Last month Hung Nghiep Formosa executive Chou Chun Fan told reporters, "You have to decide whether to catch fish and shrimp or to build a modern steel industry; even the Prime Minister can't choose both." Vietnamese media reported that he was subsequently fired, according to Reuters, though this could not be confirmed — meanwhile his comments galvanized a protest movement that rallied under banners declaring "Toi Chon Ca" ("I choose fish"). The hashtag #toichonca has trended on social media since.


Police covering protester's mouth in #Saigon, #Vietnam. Freedom of speech being physically restricted. #toichonca
— Viet Tan (@viettan) May 15, 2016

Neither Hung Nghiep Formosa nor the Taipei Economic and Cultural Office in Hanoi (similar to an embassy) responded to questions sent to them by VICE News.

The company has publicly denied any wrongdoing, and Vietnam's government has issued a string of apologies and conflicting explanations. During a press conference, a Deputy Minister of the Environment and Natural Resources said the deaths had been caused either by a toxic algae bloom or industrial waste, but insisted no evidence linked Formosa to the event.

The World Wildlife Fund's office in Hanoi said it was awaiting confirmation of the cause of the fish deaths from the government and referred all inquiries to the Vietnam Fishery Administration, which didn't respond to emails or phone calls. Government scientists have promised the results of an official investigation will come "soon."

In the meantime, the government has stifled public gatherings, ahead of Obama's arrival in the country on May 23 — the day before National Assembly elections are due to be held.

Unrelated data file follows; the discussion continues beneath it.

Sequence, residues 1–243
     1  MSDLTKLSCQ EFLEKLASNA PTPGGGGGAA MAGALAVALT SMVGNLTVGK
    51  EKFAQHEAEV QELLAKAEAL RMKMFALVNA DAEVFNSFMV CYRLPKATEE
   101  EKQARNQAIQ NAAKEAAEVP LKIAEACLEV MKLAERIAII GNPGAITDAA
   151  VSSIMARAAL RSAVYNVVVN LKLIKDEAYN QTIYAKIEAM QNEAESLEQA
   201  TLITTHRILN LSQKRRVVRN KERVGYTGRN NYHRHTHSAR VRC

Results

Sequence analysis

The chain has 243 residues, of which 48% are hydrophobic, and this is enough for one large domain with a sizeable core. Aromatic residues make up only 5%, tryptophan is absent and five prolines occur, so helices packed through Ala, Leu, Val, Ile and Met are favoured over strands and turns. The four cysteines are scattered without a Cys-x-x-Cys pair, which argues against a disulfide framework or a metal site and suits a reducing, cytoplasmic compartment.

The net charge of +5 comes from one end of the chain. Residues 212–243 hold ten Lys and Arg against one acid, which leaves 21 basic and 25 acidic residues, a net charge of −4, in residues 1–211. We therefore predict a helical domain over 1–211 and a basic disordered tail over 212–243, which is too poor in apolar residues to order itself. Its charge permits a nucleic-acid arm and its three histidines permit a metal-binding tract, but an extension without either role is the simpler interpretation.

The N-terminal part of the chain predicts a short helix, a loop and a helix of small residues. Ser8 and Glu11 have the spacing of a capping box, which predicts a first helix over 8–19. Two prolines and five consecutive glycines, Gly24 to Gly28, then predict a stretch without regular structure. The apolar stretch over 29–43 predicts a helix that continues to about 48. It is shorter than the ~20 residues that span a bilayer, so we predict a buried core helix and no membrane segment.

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Last week, police encircled thousands of protesters in Ho Chi Minh City's Paris Square, and up to 300 people were dragged away to a nearby stadium to be photographed, fingerprinted, and made to sign confessions. Others sustained injuries as the demonstration was broken up.


"There aren't as many of us this week because every time we try to raise our voices, they try to stand in our way," said Khang, a 32-year-old IT technician, as he stood among hundreds of protesters in Ho Chi Minh City's September 23 Park on Sunday. While he spoke, government loudspeakers blared and police officers pushed protesters toward buses waiting to ferry them away from the park.

"Attention! This is the law enforcement forces speaking. The cause of the mass fish deaths in four coastal central provinces remain the concern of lowly people. The national and local governments, scientists at home and from overseas are working to identify the causes," said a recording in garbled English that was played repeatedly.